What is endometriosis?
Endometriosis is a condition in which tissue that are similar in make-up to the inner lining of the womb (endometrium) occur outside of the womb; for example on the bowel or bladder, ovaries and fallopian tubes and on the lining of the abdomen.
It is thought to affect around two million women in the UK but it is difficult to be sure because some women have no symptoms. Women of child bearing age are affected most commonly. It is not a malignancy, it is not a cancer. You are more likely to have it if your mother or sister had it. It is linked to infertility.
What to eat?
- Increase Your Intake of Omega-3 Fats. Share on Pinterest. ...
- Avoid Trans Fats. ...
- Cut Down on Red Meat. ...
- Eat Plenty of Fruits, Vegetables and Whole Grains. ...
- Limit Caffeine and Alcohol. ...
- Cut down on Processed Foods. ...
- Try a Gluten-Free or Low-FODMAP Diet. ...
- Soy May Be Beneficial.
Symptoms of endometriosis:
Symptoms can vary with some women not having any at all, and others having very severe pain. The most common symptoms are:
- painful, heavy or irregular periods
- pain in the lower abdomen, pelvis or lower back around ovulation time, but also throughout the cycle
- ongoing pelvic pain lasting six months or longer
- pain during or after sex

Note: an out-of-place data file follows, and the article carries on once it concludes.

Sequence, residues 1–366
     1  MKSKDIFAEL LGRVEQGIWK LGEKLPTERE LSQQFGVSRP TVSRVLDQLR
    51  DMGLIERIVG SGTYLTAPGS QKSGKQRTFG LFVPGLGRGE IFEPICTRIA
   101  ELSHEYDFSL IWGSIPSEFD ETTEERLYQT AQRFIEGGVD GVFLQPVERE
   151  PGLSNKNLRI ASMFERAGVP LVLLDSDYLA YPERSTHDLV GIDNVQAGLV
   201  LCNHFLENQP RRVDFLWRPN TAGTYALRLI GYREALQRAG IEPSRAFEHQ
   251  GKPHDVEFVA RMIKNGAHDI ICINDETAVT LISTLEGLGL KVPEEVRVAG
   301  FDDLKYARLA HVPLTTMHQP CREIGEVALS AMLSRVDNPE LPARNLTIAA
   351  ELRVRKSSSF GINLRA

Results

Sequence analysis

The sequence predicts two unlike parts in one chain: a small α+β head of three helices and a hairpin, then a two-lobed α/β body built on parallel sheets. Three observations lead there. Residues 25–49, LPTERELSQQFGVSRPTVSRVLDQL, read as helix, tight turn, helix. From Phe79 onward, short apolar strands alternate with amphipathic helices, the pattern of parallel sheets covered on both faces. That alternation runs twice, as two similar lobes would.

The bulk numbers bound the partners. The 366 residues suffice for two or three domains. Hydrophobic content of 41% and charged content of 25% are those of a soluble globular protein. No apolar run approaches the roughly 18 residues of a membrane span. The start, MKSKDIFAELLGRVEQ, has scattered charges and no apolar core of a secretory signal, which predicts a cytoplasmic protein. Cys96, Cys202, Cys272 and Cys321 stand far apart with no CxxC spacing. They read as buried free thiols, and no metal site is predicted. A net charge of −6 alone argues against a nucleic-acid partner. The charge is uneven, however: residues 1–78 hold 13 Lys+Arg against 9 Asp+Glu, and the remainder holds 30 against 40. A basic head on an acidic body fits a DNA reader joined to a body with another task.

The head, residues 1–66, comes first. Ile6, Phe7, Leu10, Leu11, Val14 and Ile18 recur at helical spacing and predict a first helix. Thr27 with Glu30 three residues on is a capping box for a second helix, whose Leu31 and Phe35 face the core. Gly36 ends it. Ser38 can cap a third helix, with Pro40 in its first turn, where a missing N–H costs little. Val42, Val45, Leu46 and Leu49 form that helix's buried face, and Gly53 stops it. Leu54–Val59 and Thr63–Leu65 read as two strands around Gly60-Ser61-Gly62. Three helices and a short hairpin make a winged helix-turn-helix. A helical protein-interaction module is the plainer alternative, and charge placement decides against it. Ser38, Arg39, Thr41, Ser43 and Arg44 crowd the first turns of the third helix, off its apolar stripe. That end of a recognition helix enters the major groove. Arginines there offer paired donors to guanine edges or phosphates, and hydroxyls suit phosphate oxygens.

- difficulty getting pregnant
- painful bowel movements and emptying of bladder
Women have also reported some other symptoms, which include:
What causes endometriosis?
The cause of endometriosis is still unknown however there are some theories which include:
- Retrograde menstruation: The term for when some of the lining of the womb flows backwards through the fallopian tubes and into the abdomen rather than leaving the body as a period.
- Genetics: It is more common to be affected by endometriosis if a female member of your family (especially a parent or sibling) has endometriosis. It can occur in women of all ethnicities but is more common in Asian women than white women and it is less common in women of African-Caribbean origin.
- Immune system: It may be that some women’s immune system is not able to get rid of the tissue therefore women with low immune system may be more at risk of endometriosis
- Environmental: Certain toxins in the environment that affect the immune systems and reproductive system are thought to cause endometriosis but this has not been proven in humans yet.
- Lymphatic or circulatory spread: It is possible that some cells of the tissue can travel around the body in the bloodstream or other vessels to different parts of the body
How endometriosis affects fertility
Although endometriosis can have an effect on your chances of getting pregnant most women who have mild endometriosis are not infertile. An estimated 70% of women with mild to moderate endometriosis will get pregnant without treatment. If you know you have endometriosis and are failing to conceive, talk to your doctor who can advise you or refer you to the necessary fertility specialists.
The exact nature of the link between infertility and endometriosis is unclear but the severity of the condition and location of the tissue appears to have an effect.
Managing the pain
If your endometriosis causes pain and you are taking painkillers, such as non-steroidal anti-inflammatories (NSAIDs), paracetamol or Codeine. You will be advised to stop taking NSAIDs and minimise the use of codeine as they may have an effect on the baby if you conceive.
There are lots of different types of hormonal treatments that can be offered to those who have endometriosis